Africa warns Hague court over ties with NGOs

January 31, 2014 12:32 pm
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In a letter to the ICC President Sang Hyung Song, the AU identified four areas they want addressed and which relate to the investigative standards of the OTP and its independence/FILE
In a letter to the ICC President Sang Hyung Song, the AU identified four areas they want addressed and which relate to the investigative standards of the OTP and its independence/FILE

, NAIROBI, Kenya, Jan 31 – The African Union (AU) has given the International Criminal Court (ICC) until April 30 to come up with a plan on how to get The Office of the Prosecutor (OTP) in order, or risk a mass pull out by all its 34 member states.

In a letter to the ICC President Sang Hyung Song, the AU identified four areas they want addressed and which relate to the investigative standards of the OTP and its independence.

“The attached report shows astonishing breaches of basic principles of criminal courts in general and…while the report identifies many flaws in the processes and procedures of the ICC, we believe the four present the greatest danger of undermining the rights of the accused,” the letter reads.

The first of the four areas the AU identified as a problem was what it said to be the low evidentiary standard of the OTP, which it blamed on a reliance of third parties to carry out its investigations.

“The court fails to protect the rights of the accused by outsourcing critical functions of the OTP to unregulated and often privately funded and managed intermediaries such as Non-Governmental Organisations (NGOs) and individuals,” their letter continues to say.

The AU said the investigators could have vested interests in the crimes the OTP gave them the green light to look into and on whose findings they relied.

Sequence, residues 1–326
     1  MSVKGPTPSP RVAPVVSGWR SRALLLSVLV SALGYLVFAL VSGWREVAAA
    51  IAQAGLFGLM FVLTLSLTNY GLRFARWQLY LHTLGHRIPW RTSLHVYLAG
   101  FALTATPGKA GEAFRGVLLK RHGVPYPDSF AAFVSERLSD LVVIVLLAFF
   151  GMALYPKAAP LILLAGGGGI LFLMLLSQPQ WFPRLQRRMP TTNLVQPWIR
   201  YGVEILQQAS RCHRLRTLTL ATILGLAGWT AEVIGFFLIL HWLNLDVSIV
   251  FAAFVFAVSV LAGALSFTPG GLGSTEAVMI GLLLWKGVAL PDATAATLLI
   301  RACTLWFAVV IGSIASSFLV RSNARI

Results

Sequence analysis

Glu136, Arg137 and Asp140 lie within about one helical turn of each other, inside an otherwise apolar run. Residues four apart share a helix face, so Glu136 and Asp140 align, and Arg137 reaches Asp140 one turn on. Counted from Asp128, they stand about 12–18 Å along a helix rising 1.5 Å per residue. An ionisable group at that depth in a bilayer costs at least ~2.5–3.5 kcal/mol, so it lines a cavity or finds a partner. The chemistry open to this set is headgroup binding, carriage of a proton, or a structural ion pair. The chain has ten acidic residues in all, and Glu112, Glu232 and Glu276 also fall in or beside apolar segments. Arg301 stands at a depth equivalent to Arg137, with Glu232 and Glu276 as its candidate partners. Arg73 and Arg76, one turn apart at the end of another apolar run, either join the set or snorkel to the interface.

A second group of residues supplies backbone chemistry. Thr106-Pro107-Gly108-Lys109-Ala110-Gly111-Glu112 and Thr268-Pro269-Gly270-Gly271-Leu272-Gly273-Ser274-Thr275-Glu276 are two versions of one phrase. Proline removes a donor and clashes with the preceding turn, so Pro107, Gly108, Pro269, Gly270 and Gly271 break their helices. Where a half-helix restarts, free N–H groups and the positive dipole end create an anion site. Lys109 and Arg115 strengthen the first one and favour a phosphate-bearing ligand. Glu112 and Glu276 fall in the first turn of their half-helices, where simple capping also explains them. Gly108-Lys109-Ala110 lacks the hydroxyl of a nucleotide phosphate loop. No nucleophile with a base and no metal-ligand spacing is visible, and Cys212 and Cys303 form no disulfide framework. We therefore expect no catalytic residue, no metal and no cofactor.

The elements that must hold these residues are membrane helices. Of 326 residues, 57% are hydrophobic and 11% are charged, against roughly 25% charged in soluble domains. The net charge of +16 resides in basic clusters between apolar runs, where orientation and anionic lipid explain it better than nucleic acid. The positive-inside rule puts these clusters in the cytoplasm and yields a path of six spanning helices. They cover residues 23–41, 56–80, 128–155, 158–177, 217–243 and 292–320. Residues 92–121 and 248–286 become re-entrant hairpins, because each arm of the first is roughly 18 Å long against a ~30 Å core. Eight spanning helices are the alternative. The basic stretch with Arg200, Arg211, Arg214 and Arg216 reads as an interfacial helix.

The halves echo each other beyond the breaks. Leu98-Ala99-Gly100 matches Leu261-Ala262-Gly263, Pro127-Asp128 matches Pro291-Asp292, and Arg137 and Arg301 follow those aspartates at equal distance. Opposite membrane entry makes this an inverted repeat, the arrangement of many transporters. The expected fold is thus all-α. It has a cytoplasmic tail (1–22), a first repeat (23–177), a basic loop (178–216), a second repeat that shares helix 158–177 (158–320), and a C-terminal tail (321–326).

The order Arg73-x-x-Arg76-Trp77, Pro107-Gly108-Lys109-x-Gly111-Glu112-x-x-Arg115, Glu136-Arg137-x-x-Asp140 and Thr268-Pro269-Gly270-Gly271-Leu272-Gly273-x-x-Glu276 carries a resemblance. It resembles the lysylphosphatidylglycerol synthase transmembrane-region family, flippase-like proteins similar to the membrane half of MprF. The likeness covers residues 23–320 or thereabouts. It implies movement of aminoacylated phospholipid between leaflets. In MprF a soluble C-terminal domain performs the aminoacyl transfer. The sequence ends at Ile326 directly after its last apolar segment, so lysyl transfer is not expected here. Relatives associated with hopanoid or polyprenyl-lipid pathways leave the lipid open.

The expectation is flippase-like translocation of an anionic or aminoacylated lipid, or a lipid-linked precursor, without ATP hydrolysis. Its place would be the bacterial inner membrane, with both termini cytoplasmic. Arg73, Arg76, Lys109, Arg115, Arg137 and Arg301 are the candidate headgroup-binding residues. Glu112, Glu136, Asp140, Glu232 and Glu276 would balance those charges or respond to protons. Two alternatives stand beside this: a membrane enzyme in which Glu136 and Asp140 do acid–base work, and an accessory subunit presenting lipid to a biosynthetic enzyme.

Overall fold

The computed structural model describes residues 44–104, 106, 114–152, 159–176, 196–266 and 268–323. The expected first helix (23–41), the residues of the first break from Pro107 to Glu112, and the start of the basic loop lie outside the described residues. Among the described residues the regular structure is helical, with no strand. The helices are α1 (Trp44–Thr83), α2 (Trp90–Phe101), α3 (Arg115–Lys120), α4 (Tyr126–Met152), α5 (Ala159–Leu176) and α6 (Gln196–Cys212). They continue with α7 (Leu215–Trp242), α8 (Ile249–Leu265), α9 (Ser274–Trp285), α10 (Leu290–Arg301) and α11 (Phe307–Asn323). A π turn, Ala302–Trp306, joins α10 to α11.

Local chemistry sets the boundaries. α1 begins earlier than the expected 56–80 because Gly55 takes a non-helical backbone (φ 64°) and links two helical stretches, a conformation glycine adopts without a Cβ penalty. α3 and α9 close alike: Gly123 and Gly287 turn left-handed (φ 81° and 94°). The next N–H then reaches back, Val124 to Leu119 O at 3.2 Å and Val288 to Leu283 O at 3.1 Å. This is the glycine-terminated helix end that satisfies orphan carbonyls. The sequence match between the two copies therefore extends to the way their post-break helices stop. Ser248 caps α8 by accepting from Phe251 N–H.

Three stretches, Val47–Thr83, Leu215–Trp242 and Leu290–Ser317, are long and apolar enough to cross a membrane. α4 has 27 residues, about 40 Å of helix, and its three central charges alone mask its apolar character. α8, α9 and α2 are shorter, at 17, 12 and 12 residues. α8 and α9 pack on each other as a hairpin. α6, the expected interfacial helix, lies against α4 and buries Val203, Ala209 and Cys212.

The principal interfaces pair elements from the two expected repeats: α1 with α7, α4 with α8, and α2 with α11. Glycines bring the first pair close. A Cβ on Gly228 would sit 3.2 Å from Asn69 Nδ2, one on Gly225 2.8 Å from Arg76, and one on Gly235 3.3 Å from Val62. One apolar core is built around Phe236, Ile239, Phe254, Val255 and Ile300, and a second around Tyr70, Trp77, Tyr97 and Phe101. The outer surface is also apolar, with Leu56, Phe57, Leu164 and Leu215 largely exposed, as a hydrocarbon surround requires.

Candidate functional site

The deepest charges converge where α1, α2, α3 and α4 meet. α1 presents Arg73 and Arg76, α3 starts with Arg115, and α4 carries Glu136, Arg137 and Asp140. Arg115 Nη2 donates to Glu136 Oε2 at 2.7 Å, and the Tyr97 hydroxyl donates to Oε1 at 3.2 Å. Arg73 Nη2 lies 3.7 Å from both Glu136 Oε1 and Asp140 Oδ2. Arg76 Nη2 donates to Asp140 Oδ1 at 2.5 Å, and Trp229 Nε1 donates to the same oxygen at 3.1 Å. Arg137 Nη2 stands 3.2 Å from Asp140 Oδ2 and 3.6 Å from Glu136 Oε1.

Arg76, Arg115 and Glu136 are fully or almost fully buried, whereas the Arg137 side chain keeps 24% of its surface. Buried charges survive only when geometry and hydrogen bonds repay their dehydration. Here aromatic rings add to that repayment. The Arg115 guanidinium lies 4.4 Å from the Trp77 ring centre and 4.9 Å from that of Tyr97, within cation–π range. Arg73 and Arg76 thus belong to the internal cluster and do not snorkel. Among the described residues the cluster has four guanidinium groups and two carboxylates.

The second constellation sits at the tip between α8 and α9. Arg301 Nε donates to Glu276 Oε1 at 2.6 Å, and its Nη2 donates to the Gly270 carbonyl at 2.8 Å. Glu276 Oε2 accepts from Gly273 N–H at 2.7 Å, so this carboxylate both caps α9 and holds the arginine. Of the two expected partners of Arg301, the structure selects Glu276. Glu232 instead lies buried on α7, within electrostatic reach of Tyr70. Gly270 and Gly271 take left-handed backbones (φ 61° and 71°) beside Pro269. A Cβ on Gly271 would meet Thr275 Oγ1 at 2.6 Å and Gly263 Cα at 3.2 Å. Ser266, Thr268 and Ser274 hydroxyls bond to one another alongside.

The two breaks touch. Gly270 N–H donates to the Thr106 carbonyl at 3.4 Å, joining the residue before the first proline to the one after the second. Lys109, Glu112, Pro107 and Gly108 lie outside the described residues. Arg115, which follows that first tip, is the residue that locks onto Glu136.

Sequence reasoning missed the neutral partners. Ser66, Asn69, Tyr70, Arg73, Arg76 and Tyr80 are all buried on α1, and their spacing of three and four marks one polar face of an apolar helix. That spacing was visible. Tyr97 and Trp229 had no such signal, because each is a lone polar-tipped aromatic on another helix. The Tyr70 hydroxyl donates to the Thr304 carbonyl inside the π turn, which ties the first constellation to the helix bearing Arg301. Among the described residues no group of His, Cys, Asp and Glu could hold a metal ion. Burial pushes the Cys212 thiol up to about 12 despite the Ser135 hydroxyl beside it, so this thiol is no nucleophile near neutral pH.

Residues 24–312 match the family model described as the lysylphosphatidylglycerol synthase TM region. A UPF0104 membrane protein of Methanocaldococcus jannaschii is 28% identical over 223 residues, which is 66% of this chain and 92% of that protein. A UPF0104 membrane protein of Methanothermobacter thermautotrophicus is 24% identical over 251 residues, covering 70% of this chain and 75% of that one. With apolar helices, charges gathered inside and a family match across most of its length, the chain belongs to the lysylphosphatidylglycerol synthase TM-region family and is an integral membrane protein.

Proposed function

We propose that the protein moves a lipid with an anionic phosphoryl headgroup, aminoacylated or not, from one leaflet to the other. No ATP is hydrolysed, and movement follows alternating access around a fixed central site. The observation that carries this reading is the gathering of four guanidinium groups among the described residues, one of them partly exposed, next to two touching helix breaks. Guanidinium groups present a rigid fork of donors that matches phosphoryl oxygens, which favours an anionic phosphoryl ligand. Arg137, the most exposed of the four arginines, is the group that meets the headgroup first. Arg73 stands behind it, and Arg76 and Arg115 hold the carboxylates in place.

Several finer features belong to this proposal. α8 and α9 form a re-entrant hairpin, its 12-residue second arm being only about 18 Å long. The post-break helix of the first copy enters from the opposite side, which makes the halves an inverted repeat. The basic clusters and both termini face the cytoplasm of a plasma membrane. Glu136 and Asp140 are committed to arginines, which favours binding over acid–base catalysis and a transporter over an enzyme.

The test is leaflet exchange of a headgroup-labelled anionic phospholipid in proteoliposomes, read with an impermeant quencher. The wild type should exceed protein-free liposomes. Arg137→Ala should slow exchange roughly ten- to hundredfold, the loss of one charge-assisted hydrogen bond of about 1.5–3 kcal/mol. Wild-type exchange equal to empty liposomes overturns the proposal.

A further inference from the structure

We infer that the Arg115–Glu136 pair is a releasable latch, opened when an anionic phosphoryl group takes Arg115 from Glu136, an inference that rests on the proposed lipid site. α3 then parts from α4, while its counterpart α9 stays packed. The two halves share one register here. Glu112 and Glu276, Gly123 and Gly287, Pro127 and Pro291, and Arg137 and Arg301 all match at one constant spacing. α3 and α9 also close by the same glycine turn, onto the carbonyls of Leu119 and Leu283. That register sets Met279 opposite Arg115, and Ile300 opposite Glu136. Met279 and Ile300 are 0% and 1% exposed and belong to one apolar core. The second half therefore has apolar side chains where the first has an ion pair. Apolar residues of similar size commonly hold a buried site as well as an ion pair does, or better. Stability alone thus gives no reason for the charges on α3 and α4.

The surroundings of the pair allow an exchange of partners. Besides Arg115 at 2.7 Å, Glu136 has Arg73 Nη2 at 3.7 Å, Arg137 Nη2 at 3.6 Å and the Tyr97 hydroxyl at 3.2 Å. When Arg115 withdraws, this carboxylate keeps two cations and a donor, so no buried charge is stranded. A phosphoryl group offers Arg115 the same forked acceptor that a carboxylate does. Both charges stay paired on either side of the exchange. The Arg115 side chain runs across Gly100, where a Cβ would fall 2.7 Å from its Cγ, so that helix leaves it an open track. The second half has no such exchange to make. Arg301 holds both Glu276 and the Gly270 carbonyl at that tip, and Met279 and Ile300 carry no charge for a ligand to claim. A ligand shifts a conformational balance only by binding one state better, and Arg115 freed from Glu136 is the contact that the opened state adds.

“An individual accused of a crime by the OTP may have no awareness of who is conducting the investigations into his or her activities or advocating for his or her prosecution,” the AU argued.

The funding the court receives from NGOs was the basis of their second complaint and the AU contended that it reflected poorly on the impartiality of the court.

“Initiatives by the court to impose guidelines on the NGOs active in the court’s operations have been discouraged by the court’s own Budget Committee for fear of consequent withdrawal of financial support by these NGOs,” the AU submitted.

The AU’s third charge was that by accepting funding from parties who may not be entirely motivated by justice, the court sacrificed the rights of the accused and thereby contravened the very tenets of natural justice they are expected to uphold.

“The court with the outsourcing by its OTP to unaccountable intermediaries ‘NGOs’ , with additionally demonstrated sway over the court, is not capable of providing such protection of the rights of the accused at a level commensurate to that existing in the Juridicial process in the countries of the international community,” the AU charged.

Finally, the AU took issue with the OTP’s power to initiate a case without the referral of a member state or United Nations (UN) Security Council.

A power the AU accused the OTP, of abusing, “The OTP discretion is unchecked and lacks the necessary international political support which arises through debate and decision making in the UN Security Council.”

The AU’s demands coincide with an admission by ICC Prosecution lawyer Anton Steynberg, in the case against Deputy President William Ruto that it did not verify the statement given by its tenth witness before relying on it for their case.

This followed an admission by their ninth witness that he received Sh500,000 from an American based NGO for testifying against Ruto.

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